People can and should argue firmly for the truth of their faith, but using force and bloodshed to impose one’s faith- like the Catholic Church did to the Albigensians of southern France, and like various Muslim and Hindu militants are doing to Christians all over the world at this very moment- is completely alien to the teaching of Jesus Christ.

Re: I note he still has fairly strong opinions concerning various ways in which Catholicism ought to abandon their own historical stances, despite no longer claiming any allegiance to Christianity itself.

Ugh. Barf. I find it utterly revolting the way people who aren’t Christians – or ex-Christians like this Aslan fellow- consider themselves entitled to tell Christians what their religion is ‘really’ about. I’ve heard plenty of that sort of thing- from liberal Christians, atheists, Hindus, Muslims, you name it- and we will probably hear ever more of it in the future.

#17 Comment By Steph On July 15, 2013 @ 4:43 pm

But I suspect that a few Jesuits implicitly communicated that believing in the real presence is fine, but if you don’t believe it that’s fine too.

I didn’t have a Jesuit education (I’ve always felt fondly about Jesuits), but the rest of the Church wasn’t doing such a good job about this either. I have met plenty of Catholics around my age who sincerely insist that of course we don’t really believe that, not because they reject the teaching but actually not getting that it exists or is current. I’m probably lucky I had a Southern Baptist best friend with lots of weird ideas about Catholics, since I had to find out what we really believed to respond to what she kept telling me was true. (She knew about the Real Presence, of course.)

#18 Comment By Manfeed Arcane On July 15, 2013 @ 4:46 pm

Aslan also studied at Harvard Divinity School. I think blaming the Jesuits, or blaming them alone, is rather unfair. My guess is that he considers himself too smart and well educated to be a believing Evangelical Christian.

It is a class thing. He clearly sees himself as the next Fareed Zakaria dispensing wisdom to and being at the service of, the elite.

#19 Comment By Liam On July 15, 2013 @ 4:54 pm

Aslan was not a Catholic; he was an evangelical Protestant. Even if he went to a Jesuit college, it was not for catechesis in the Catholic faith. Imputing failure to the Jesuits is wide of the mark in this instance.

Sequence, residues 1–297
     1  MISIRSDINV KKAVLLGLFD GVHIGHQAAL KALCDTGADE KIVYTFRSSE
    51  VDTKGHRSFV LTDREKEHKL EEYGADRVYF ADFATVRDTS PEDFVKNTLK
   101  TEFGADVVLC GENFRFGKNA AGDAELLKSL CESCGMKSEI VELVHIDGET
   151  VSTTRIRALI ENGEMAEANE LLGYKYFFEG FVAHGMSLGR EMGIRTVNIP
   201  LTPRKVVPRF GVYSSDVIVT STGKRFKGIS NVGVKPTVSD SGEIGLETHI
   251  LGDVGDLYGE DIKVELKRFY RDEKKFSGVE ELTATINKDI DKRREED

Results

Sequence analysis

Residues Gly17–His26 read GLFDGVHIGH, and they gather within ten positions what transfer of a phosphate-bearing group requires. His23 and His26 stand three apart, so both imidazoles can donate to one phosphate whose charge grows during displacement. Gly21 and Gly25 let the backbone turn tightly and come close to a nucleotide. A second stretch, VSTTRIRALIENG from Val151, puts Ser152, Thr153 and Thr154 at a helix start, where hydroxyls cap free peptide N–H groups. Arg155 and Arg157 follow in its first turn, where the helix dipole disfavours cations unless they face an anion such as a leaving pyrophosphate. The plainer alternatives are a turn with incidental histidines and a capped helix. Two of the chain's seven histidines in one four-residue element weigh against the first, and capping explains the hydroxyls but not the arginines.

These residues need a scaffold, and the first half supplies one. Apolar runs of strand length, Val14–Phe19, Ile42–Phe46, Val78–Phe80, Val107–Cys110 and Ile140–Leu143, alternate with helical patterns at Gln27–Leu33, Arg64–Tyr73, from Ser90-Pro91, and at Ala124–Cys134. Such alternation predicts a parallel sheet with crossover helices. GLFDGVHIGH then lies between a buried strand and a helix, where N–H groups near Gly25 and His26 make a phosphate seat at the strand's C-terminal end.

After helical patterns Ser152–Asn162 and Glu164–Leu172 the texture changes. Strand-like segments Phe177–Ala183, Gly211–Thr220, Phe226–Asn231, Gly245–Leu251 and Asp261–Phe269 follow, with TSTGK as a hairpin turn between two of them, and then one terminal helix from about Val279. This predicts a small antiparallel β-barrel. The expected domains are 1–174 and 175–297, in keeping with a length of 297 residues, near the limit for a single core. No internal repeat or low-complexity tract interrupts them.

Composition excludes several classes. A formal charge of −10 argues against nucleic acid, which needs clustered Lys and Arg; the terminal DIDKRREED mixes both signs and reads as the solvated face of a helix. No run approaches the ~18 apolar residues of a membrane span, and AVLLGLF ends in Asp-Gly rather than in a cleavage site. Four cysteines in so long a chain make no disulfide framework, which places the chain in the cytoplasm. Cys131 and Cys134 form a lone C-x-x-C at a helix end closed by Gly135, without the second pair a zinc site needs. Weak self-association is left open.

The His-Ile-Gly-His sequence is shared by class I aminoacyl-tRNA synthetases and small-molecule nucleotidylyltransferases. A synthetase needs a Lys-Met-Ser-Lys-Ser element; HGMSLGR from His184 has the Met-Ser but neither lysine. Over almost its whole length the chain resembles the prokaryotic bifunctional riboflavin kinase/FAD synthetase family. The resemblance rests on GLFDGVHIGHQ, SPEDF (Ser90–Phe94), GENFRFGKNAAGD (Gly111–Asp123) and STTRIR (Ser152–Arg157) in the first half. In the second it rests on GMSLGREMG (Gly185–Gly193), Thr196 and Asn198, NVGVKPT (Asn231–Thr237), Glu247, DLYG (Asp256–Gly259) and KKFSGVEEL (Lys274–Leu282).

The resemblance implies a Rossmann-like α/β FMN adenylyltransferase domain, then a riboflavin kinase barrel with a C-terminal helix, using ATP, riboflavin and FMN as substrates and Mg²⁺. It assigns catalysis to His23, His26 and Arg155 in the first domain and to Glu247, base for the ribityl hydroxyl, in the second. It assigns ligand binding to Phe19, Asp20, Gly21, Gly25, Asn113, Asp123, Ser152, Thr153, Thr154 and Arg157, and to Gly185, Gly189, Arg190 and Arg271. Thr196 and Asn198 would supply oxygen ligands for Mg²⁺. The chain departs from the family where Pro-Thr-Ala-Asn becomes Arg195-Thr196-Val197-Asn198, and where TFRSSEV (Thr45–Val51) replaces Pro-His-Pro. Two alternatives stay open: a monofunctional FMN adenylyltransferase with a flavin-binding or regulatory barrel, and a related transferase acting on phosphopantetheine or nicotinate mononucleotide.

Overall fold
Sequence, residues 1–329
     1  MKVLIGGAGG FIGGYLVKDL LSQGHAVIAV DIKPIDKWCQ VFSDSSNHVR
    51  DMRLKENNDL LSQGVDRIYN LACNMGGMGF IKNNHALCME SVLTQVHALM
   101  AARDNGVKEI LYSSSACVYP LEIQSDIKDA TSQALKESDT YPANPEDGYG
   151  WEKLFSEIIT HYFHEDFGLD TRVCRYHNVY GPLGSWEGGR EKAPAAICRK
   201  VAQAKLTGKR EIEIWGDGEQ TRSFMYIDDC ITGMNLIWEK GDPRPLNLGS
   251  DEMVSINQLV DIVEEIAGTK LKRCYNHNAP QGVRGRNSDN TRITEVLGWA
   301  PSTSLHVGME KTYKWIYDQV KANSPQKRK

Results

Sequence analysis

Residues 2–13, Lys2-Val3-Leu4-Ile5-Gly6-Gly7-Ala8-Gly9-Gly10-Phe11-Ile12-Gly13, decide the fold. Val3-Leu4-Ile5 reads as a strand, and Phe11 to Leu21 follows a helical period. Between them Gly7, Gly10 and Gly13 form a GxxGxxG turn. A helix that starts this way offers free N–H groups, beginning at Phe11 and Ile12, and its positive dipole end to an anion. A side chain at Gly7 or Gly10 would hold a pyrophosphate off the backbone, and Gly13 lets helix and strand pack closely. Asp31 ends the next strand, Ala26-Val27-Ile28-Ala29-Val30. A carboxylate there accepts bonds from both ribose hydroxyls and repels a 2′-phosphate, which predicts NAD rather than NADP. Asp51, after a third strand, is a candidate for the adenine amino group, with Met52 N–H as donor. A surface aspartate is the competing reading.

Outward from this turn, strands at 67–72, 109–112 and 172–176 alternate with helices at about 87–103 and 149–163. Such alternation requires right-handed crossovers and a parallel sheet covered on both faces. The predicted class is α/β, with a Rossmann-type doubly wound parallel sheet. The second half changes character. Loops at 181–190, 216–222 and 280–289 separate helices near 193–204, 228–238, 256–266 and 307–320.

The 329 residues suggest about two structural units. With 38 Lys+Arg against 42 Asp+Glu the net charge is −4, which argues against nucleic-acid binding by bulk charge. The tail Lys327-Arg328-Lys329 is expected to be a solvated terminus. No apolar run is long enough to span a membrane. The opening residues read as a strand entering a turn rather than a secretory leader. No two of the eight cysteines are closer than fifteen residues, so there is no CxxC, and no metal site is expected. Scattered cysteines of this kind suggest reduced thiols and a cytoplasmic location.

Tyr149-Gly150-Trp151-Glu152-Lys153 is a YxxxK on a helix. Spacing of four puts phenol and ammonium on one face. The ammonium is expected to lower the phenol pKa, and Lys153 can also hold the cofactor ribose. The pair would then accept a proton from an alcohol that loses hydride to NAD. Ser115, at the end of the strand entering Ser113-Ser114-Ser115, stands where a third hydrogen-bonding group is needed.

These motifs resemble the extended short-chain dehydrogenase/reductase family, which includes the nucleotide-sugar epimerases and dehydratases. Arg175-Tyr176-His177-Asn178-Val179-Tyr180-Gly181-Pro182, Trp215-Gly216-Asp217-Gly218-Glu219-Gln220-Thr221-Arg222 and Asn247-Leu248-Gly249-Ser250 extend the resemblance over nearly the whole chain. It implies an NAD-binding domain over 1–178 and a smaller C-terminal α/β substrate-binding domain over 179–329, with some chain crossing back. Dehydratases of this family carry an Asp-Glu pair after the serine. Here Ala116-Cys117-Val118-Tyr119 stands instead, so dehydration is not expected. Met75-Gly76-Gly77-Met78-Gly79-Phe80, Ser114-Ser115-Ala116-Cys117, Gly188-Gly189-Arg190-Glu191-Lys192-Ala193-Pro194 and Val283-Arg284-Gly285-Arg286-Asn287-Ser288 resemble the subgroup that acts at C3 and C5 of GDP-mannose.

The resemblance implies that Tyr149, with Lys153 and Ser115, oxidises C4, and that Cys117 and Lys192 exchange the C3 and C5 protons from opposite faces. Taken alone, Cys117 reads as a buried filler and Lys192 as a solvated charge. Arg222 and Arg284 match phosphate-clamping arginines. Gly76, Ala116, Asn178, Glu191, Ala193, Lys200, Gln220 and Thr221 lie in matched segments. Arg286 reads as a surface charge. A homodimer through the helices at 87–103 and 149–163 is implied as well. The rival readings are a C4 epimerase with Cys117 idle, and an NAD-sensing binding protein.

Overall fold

#20 Comment By Siarlys Jenkins On July 15, 2013 @ 5:01 pm

Perhaps whoever suggested that Reza Aslan delve deeper into his Muslim heritage recognized that, whatever his words, he wasn’t delving deeply into Christianity, and it might not be for him.

To illustrate with a rather distant analogy, I am pro choice, but I know there are women who have abortions and later publicly announce their regret. It would be good if those who deep down inside were going to regret their abortions were reached by a Crisis Pregnancy Center, or any other pro-life endeavor. Planned Parenthood should be referring women who are uncertain to go check out the alternatives, and see what’s really right for them.

If a religious order is merely poring into an empty glass, sure, it makes sense to pour on what that order believes to the The Truth. But if you are dealing with a glass half full of something very different, maybe its not such a good idea to empty out the glass. Maybe its good to suggest, look into what’s already there, and decided how you want to build on it.

#21 Comment By PeterK On July 15, 2013 @ 5:05 pm

I heard Aslan on NPR yesterday morning talk about his book Zealot. he lost me when he referred to the Jewish religion as a cult

#22 Comment By PA15017 On July 15, 2013 @ 5:37 pm

Went to a small Jesuit college for undergrad. Had a Jesuit as a professor once, learned a lot about peyote.

#23 Comment By Charles Cosimano On July 15, 2013 @ 5:49 pm

Maybe the Jesuits had the good sense to realize that now the idea of the early church fathers dying for their belief sort of sounds like the folks dying for Jim Jones. The Testimony of the Martyrs died at Jonestown.

And the early church fathers certainly did not die over the real presence. They died because they were too stupid not to–see Jonestown.

#24 Comment By Chris 1 On July 15, 2013 @ 6:08 pm

Any thread about the Jesuits is bound to be a kind of rorschach, more confirming the bias of posters than reporting of fact.

This one, so far, has proven to be right in line with that.

#25 Comment By Bernie On July 15, 2013 @ 6:19 pm

Before Vatican II in the early sixties, the Jesuits were arguably the most respected male religious order in the Catholic Church in the fields of education, writing, and scholarship. There were many holy, brilliant Jesuits.

As David J. White implies in his comment above, the younger and middle aged ones, “the ones heavily invested in the ‘spirit of Vatican II’ (as opposed to the actual texts of Vatican II)” have been formed very differently. I did graduate study in religious education at Jesuit-run Boston College…I know. Of course, Pope Francis is a Jesuit and I hope he is able to facilitate reforms within that order.

The Church has suffered greatly from the Jesuit situation, in my opinion. Perhaps they will change, perhaps they won’t. I see the best hope for renewal in both the female and male religious orders in the more newly found orders. To name just two, they include the Franciscan Friars of the Renewal and the Dominican Sisters of Nashville, Tennessee. There are a number of others that are really attracting new members. I pray for a spiritual renewal generally in the Church.